Out of Time: The Pleasures and the Perils of Ageing explores mostly the perils of aging, it seems, and is based primarily on writers’ memoirs and essays, with many feminists in the lot, often described as “formidable”, which does not seem to make them immune to some amount of trepidation when it comes to aging. They also seem to be, for the most part, outfitted with a therapist, so much so that I sometimes wondered whether the main problem of older people is that analysts are reluctant to work with them. Perhaps aging could be a welcome closing of regular therapy sessions. But I digress.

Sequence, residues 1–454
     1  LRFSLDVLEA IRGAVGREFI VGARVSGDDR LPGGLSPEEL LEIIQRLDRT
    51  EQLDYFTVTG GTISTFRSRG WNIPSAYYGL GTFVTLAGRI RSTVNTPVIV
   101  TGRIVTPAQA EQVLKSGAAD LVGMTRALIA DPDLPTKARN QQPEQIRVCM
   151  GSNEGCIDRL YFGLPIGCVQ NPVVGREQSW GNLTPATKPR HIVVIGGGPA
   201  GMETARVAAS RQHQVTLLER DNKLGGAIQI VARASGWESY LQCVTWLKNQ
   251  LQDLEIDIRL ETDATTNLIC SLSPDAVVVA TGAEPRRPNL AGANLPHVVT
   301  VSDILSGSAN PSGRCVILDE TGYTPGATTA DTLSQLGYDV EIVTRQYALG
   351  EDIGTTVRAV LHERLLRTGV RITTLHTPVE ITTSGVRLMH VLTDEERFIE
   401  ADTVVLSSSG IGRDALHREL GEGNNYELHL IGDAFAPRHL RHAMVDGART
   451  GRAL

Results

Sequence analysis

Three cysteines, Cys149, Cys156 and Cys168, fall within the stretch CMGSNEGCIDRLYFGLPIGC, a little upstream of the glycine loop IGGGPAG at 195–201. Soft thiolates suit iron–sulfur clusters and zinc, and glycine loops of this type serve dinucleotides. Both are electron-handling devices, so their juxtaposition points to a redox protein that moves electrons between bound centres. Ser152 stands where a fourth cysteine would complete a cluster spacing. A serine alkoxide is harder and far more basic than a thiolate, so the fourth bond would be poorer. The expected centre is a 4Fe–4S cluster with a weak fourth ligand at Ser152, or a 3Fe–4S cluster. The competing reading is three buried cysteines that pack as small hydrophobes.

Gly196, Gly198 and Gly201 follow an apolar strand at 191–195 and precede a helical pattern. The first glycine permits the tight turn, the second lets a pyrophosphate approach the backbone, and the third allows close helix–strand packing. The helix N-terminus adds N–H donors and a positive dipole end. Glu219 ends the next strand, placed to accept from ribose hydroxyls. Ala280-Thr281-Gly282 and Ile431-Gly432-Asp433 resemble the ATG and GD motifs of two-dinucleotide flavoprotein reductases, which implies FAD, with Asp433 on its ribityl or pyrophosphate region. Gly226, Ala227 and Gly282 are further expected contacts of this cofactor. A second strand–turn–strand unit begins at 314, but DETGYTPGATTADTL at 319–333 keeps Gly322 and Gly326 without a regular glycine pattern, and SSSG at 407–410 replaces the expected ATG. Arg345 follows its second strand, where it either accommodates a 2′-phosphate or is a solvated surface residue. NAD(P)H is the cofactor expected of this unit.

I also felt that any happy memoir written by an older person was dismissed out of hand as a crafty evasion from a grim reality. Is it not possible that some older people are truly happy, rather than pretending to be? On the whole, I thought the book was a big downer — including the (British) author’s complaints about the poor treatment of old people by the NHS that only served to highlight the weaknesses of the US health system.